Raised as a “Christian,” I went to church on Sundays with my family. As a child, my mother would dress me up, slick my hair down, and tell me not to make a peep. I would sit on the hard pews scribbling on little pieces of paper and watch my mother watch the preacher. With each nod of her head I wondered if she was agreeing with what the preacher had said, or just bouncing along with the song that I was humming in my bored head. When I was finished with my masterpieces—Jesus riding in my stead on the majestic Triceratops—I would eagerly show my mother what I had done. She would look at me and place a silent finger to her mouth, silencing my dreams. She would rather have those boring words than her own son. She reminded me of “God.”
As I grew older I accepted Jesus and was baptized by the pastor of my church. I read parts of my Bible and knew the verse numbers of important sayings. I attended Sunday school as well as the regular service. About a year later, my fifth-grade teacher divorced her husband because he had been going out of state on “business trips.” She learned that he was cheating on her, and I learned that he was my pastor. He left our church, and I was both without a pastor and without a faith.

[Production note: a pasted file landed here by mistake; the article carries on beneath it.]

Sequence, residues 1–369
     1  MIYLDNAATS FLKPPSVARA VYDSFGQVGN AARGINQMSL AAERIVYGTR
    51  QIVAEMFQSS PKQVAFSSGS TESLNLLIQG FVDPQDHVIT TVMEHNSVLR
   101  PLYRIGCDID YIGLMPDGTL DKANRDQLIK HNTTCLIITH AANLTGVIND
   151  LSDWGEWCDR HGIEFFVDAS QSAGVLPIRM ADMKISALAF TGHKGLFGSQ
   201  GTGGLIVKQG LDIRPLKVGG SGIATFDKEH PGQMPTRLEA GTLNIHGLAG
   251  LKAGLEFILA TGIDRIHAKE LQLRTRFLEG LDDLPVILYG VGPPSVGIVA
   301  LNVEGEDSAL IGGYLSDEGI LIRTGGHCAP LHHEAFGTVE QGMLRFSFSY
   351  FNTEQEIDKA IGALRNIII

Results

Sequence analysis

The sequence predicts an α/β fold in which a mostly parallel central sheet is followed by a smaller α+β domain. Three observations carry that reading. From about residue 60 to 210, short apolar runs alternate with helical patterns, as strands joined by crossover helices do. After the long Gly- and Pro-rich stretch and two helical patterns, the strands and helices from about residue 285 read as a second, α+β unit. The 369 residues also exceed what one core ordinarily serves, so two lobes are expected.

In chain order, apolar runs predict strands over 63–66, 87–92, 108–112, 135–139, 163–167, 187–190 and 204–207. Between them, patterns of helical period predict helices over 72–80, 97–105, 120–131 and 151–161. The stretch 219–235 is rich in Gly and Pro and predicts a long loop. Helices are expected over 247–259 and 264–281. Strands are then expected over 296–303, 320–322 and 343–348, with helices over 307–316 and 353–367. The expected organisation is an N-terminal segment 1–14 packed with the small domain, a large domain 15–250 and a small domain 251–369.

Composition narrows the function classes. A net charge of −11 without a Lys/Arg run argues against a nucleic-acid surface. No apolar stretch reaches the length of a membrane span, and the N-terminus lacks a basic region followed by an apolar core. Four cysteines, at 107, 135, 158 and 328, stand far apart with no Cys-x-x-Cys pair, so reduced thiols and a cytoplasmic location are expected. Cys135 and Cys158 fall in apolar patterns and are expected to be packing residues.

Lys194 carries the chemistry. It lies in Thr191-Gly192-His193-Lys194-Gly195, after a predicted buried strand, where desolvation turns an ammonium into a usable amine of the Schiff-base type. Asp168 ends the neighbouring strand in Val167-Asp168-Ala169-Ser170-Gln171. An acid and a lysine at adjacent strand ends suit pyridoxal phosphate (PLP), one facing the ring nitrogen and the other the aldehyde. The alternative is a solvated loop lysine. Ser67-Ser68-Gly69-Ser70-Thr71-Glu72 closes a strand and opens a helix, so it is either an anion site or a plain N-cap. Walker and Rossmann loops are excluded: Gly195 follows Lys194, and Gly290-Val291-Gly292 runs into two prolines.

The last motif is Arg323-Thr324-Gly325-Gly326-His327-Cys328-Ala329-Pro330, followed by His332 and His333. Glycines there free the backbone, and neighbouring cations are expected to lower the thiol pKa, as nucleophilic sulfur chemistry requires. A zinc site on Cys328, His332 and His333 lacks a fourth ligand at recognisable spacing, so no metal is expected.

Throughout English, calculus, and biology, I proceeded to lose my religion. I poured over the works of Darwin, L’Hopital, Isaac, Hemingway, and Euler. Each one taught me enough to come to my own conclusions on religion. It was all just a simple meme, passed about like a disease, infecting anyone with fears. People are afraid of death. The finality of it simply boggles the mind and frightens the “soul.” One would much rather go and be with all the people they loved in life forever than simply end everything, so he invents a reality. People simply aren’t willing to break free of their chains and leave the cave of ignorance.
I realized religion is simply something you believe in with all your heart. I soon regained a religion—my first girlfriend. I thought I loved her with all my heart and soul. She truly was my religion—she was my Catherine. I learned so much about myself through her constant demands. I watched as I was torn apart by her lies and abuse. I would have gladly died for her, and I continued to tell myself how much she meant to me: Everything. I threw myself at her mercy over and over again for three whole years, only to be trampled upon by her deceit. Then, on one telephone conversation, I lost everything I had and realized that my love and my religion had been feigned by my selfless heart.